A Look into Becoming a Pharmacist
Created by Dakota Anderson
What is a Pharmacist?
When working towards your Pharmaceutical Degree program, you have two options. Your first option is to take two years of laboratory science preparation. This is a "non-degree" option to achieve a Bachelor's Degree. This means you can get college credits, without being enrolled at that university. With this option, you have to take other courses called pathways to fill in the two years time-span.
The other option is to achieve a Bachelor's Degree in Laboratory Science. This option is more common in students because of its pliability. It allows students to explore other options besides science or pharmaceutical practices. It also allows an extended time period to learn the material of the PCAT.
If you were willing to take an extra step in becoming a pharmacist, I would recommend you to learn another language. Being able to communicate with a diversity of people make you more desirable to businesses. These businesses need more workers who can assist an array of people.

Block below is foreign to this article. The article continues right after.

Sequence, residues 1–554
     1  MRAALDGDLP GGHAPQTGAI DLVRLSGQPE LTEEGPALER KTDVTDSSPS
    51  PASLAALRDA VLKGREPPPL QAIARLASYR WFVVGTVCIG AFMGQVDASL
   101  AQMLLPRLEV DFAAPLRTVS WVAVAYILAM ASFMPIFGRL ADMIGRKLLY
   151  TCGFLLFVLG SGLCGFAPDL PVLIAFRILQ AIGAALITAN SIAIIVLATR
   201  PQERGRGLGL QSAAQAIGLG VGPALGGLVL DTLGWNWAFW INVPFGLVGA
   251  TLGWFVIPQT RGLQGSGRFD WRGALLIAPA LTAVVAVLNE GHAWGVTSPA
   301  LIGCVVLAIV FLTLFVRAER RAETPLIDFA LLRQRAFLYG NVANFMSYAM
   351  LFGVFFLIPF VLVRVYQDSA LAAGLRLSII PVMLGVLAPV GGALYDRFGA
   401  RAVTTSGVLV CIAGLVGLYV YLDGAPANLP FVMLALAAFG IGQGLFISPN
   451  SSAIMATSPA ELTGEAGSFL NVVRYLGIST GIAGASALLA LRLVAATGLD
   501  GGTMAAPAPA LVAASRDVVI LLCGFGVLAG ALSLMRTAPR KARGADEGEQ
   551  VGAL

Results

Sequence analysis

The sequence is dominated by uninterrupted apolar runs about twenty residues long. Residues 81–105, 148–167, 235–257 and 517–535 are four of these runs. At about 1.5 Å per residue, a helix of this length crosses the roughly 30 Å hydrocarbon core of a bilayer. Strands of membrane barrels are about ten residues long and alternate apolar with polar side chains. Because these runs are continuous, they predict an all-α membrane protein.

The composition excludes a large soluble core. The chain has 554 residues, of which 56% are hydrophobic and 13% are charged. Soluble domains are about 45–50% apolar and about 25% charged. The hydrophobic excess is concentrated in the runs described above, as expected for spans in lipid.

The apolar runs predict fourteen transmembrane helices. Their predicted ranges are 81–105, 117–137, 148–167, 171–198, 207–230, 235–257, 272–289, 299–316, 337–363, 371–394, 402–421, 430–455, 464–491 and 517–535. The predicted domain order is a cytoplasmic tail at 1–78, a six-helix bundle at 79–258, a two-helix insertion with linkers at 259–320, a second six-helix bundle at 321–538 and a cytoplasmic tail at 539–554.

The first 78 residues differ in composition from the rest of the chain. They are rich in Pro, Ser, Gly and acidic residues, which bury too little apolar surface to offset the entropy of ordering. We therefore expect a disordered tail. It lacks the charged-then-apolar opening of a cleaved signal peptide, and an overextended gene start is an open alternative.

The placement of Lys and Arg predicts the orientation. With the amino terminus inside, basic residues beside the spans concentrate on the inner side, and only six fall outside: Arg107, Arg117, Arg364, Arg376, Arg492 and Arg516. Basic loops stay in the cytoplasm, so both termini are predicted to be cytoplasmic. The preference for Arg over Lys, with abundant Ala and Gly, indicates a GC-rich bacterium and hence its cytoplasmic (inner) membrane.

Exams That Must Be Taken
What are You Learning in These Years?
In the first year of college as a student becoming a pharmacist, you learn the basics. You learn about Pharmacy Law and the ethnics of pharmacy. You learn how to work with Physicians and Doctors, while also being able to counsel patients. You also learn how to read prescription labels, use dosage forms, learn pharmacy calculations.
In your second and third year, you add onto the knowledge you accumulated in year one. This includes pharmacotherapy, health management, and beginning clinical rotations. In your second and third years, you also begin deciding on where you would like to work after graduation. For example, you have to chose whether you want to work in a drug store, hospital, or a care facility.
In your final year- year four, you begin practical experience, like clinical rotations, to put your new knowledge to use. You complete seven to ten rotations, which last four to six weeks. You also learn how to interact with patients and give medicine recommendations to Physicians.